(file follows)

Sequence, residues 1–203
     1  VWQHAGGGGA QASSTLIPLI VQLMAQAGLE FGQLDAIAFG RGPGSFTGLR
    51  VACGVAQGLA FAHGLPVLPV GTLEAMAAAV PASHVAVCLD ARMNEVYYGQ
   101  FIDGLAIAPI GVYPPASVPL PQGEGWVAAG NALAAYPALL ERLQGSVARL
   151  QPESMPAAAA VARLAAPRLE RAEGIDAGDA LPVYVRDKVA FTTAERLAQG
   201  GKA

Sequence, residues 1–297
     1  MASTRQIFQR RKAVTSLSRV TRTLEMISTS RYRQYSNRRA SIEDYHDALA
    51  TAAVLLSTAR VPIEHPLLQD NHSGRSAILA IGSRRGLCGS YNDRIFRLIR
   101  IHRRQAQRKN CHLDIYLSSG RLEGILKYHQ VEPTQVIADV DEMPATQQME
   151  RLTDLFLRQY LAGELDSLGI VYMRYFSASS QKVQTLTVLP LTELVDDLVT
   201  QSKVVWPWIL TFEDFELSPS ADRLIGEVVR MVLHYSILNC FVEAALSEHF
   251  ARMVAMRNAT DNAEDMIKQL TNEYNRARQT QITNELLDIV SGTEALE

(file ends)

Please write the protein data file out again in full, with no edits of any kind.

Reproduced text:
Sequence, residues 1–203
     1  VWQHAGGGGA QASSTLIPLI VQLMAQAGLE FGQLDAIAFG RGPGSFTGLR
    51  VACGVAQGLA FAHGLPVLPV GTLEAMAAAV PASHVAVCLD ARMNEVYYGQ
   101  FIDGLAIAPI GVYPPASVPL PQGEGWVAAG NALAAYPALL ERLQGSVARL
   151  QPESMPAAAA VARLAAPRLE RAEGIDAGDA LPVYVRDKVA FTTAERLAQG
   201  GKA

Sequence, residues 1–297
     1  MASTRQIFQR RKAVTSLSRV TRTLEMISTS RYRQYSNRRA SIEDYHDALA
    51  TAAVLLSTAR VPIEHPLLQD NHSGRSAILA IGSRRGLCGS YNDRIFRLIR
   101  IHRRQAQRKN CHLDIYLSSG RLEGILKYHQ VEPTQVIADV DEMPATQQME
   151  RLTDLFLRQY LAGELDSLGI VYMRYFSASS QKVQTLTVLP LTELVDDLVT
   201  QSKVVWPWIL TFEDFELSPS ADRLIGEVVR MVLHYSILNC FVEAALSEHF
   251  ARMVAMRNAT DNAEDMIKQL TNEYNRARQT QITNELLDIV SGTEALE